Today was 18 miles. We were in the middle of the third successive storm so winds of up to 60mph. I decided to do it all on road (less chance of blown over trees than down the canal). This means after 4½ miles it is all hills. And it was blowing a gale, straight in my face. Brilliant training. The first 9 miles I was just going for a finish, it was so tough. I got back to the downhill with 5 miles to go, and really fought for it. Even with battered legs I managed to claw back a couple of minutes to finish on 8.07 m/m. Given the conditions (wind and hills) that was extremely respectable.
I’ve signed up for Blackpool marathon on the 24th of April. It means I’ll have to cut two weeks out of my taper, but there are bugger all North West marathons on the 8th of May. It will give me a good indication of where I stand. I am quite optimistic I’m going to get a PB, in my mind it’s just by how much. But I always write cheques my body won’t cash, so we’ll see. At least it will give me chance to do the recovery phase and get on to the second cycle of training a bit earlier.
The other good news is I’m 10st 6lb! I’ve lost a stone! First diet I’ve ever stuck to for more than a fortnight.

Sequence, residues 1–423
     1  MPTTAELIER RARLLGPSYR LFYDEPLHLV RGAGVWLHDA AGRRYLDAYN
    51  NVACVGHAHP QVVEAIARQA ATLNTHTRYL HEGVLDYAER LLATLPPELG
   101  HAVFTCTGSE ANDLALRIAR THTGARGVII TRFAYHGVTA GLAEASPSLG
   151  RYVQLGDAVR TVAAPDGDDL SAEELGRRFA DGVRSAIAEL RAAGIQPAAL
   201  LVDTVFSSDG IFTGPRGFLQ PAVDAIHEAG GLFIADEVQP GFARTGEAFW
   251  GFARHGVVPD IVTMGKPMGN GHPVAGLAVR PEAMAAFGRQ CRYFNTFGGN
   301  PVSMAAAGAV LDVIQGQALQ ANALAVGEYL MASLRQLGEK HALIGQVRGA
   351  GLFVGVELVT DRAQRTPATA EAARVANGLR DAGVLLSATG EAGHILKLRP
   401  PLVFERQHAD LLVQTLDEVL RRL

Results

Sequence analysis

OK week. The fast run (11 miles, 6 of them at half marathon pace – basically as fast as I can maintain-) was chipping away at it. I managed to hold 7.20 for the 6 miles.
Today my long run was 20 miles.Wendy has a bout of the plague weakness so I was worried I was getting it. I gave it a go, anyway. I set off in light, long sleeve top and thin, running, waterproof jacket as it was supposed to be chucking it down. Before 3 miles I was dying from the heat, so I ended up losing 1 minute 20 taking off my running vest then waterproof and stuffing the waterproof into one of the vest pockets. Then I was fighting the rest of the run to try to make my time up. I suffered a mental dip as I started the second 10 mile lap, for 2 miles I was 8 minutes plus, and thinking about cutting it short but then I think the gel kicked in and I was OK. I managed to hold it under 8, then 7.45 for the last 5 miles. Supposedly my third fastest ever 20 mile run. If you take off the 80 seconds stopped with my jacket, it was a PB.
I got down to 10 stone 4 in the week but my official weigh day (today) was 10st 5¼. It’s still weight loss from last week.